An A-Z Journey Around Britain

30 Manchester


Size and location helps. Surrounded by the towns of Lancashire and close to Cheshire and Yorkshire, Manchester is the centre of the second most populous urban area in Britain. George Osborne likes its entrepreneurial spirit but the Peterloo Massacre happened at St Peter’s Field in Manchester. In 1819 a cavalry charged into a crowd of 40,000 cheesed off people who demanded parliamentary representation. 15 people were killed and hundreds were injured. Journalists were horrified by the slaughter. The Government was also outraged. They did not like the idea of so many Mancunians thinking that Britain was not so great after all. The Massacre led to a crackdown against public protest. Resistance continued. Engels and Marx helped.   They met at Chetham Library in Manchester and discussed what should happen next.

Benny Rothman no doubt read Marx and Engels in his Manchester home. He was a member of the Young Communist League. He organised the mass trespass of Kinder Scout in the Peak District to help achieve access of ordinary people to the English countryside. Benny thought ordinary people should have a look at the land that had been stolen from them. There was no cavalry charge but violent scuffles happened between protesters and gamekeepers.   Protest persisted, and the British now have a right to roam on open access land. Benny should be proud.

Manchester attracts tourists and visitors. The City is not a cohesive attraction but plenty of spots appeal. Manchester Town Hall is the best Gothic building in the North, and its Grand Hall has splendour that compares to anything in Europe. Piccadilly Gardens is an architectural mess but Albert Square has integrity intact and seductive charm. Canal Street has become the centre of a large gay and lesbian community. Canal Street is about the celebration of identity but elsewhere the canals of Manchester provide quiet retreats from the crowds.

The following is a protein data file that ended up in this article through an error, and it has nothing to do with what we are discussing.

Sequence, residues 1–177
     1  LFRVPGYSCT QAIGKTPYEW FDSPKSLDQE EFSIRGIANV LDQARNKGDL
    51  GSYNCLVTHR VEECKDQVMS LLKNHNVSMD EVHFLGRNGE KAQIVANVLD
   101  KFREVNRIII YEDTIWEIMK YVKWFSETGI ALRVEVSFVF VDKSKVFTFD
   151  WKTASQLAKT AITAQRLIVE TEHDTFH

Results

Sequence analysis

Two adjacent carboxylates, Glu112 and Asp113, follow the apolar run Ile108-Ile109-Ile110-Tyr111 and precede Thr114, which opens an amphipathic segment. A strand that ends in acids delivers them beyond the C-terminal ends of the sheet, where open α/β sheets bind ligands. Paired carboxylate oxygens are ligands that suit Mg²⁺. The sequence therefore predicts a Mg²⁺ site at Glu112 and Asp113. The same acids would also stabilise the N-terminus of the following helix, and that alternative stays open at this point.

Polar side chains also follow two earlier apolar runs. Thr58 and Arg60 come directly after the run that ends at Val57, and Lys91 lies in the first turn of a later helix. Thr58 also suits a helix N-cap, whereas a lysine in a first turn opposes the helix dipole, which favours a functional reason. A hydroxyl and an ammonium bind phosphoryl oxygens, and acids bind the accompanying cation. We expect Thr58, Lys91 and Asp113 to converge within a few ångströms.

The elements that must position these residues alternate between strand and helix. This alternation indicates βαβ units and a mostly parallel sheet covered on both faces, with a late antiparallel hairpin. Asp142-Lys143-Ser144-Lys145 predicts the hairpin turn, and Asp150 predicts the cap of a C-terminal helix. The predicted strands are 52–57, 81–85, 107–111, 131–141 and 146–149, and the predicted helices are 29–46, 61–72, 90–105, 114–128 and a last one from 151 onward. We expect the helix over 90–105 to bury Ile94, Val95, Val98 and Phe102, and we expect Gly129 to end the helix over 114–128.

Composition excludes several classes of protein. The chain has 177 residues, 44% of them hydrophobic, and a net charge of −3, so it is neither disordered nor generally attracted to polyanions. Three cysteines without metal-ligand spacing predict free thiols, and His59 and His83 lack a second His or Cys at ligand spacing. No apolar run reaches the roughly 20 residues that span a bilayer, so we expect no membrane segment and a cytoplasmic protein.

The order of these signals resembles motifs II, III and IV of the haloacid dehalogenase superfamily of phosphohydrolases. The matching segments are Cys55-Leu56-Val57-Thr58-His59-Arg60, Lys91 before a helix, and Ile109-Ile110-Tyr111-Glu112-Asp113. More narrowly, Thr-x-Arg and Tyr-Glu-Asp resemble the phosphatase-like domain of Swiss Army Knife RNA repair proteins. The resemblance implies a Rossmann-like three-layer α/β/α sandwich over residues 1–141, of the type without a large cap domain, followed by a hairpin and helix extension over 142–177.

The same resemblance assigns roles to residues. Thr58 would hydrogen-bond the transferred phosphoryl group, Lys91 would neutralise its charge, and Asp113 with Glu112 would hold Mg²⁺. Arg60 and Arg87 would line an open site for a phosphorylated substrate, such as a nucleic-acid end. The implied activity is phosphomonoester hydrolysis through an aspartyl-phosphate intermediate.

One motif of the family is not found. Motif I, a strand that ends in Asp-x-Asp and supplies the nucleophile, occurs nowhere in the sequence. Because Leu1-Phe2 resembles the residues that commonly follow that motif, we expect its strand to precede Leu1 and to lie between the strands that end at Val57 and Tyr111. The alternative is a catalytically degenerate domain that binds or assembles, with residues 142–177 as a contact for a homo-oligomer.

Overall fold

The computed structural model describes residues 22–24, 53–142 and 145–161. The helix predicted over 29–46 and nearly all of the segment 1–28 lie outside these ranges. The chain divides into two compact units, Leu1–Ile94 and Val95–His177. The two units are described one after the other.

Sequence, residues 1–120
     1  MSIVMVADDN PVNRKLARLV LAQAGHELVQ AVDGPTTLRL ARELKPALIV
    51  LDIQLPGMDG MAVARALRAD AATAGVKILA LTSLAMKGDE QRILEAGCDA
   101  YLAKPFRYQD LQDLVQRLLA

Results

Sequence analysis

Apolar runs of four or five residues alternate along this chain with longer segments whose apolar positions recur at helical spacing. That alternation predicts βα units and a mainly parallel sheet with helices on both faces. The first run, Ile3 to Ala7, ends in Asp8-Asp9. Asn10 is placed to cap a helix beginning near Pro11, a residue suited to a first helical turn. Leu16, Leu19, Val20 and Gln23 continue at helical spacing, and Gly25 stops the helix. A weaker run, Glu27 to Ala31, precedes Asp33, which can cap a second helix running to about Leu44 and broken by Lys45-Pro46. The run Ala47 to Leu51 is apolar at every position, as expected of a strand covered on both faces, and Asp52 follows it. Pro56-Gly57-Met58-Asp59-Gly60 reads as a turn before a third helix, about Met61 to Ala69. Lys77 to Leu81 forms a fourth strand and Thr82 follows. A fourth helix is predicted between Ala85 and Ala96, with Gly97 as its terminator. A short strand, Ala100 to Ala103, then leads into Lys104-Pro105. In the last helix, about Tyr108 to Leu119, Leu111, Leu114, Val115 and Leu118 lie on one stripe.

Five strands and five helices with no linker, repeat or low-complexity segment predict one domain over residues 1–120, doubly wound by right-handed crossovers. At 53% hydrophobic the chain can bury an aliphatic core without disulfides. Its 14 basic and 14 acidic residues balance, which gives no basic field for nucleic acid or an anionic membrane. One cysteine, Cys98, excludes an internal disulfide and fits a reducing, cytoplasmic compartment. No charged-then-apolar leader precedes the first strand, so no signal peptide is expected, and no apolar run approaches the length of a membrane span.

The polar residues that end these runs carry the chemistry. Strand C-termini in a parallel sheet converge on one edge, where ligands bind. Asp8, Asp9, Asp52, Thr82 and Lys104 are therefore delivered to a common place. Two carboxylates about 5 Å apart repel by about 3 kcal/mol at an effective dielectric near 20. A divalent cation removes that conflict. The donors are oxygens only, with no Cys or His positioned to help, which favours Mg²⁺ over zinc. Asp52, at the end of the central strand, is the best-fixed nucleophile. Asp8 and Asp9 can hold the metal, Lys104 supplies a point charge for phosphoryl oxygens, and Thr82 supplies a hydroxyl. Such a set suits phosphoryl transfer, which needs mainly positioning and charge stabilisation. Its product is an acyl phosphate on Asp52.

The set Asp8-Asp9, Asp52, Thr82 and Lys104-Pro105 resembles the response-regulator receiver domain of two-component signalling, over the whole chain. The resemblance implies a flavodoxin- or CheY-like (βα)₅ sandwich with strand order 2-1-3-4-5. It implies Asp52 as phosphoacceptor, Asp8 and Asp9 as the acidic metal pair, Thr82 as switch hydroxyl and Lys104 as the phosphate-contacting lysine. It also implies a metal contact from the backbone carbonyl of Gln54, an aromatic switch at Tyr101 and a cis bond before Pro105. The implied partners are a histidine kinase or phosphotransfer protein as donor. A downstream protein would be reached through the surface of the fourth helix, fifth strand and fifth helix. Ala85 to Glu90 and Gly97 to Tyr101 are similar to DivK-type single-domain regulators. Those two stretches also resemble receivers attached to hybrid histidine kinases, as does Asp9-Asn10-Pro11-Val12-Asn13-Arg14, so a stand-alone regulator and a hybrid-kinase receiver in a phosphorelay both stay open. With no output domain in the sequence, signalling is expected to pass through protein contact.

Manchester once envied Liverpool because of the Beatles but it recovered well. Morrissey is charmless and witless yet he has his devotees. I was told that Manchester music is best defined by the Smiths, New Order and Joy Division.  The Salford based soap, Coronation Street, has been in decline for a long time. At its zenith it portrayed city life as well as Charles Dickens.

Liverpool and Manchester do not coexist easily. More than a few Liverpudlians think that the Manchester Ship Canal, built between 1888 and 1894, was a serious error. The Canal was used to drag cotton from the Port of Liverpool towards the cotton mills of Lancashire. I worked in Manchester for six years and realised that conflict exists not between opposite tribes but those who most resemble each other. Manchester and Liverpool are the two cities of Britain where a majority of the middle class vote for a better deal for ordinary people.

The great Marxist literary critic, Terry Eagleton, was born in Salford and he has a home in Manchester. He hates football, which he thinks helps keep people stupid. Whatever its merits football ensures that an antagonism will remain between two groups of people who have much in common. Manchester has two football teams that play in the Premier League. One of them plays in blue.

Next week, old hippies and mackerel, Mull

Howard Jackson has had four books published by Red Rattle Books. His 11,000 mile journey around Brazil is described in Innocent Mosquitoes. His latest book and compilation of horror stories is called Nightmares Ahead. Published by Red Rattle Books and praised by critics, it is available here.

If you want to read more about his travels click here.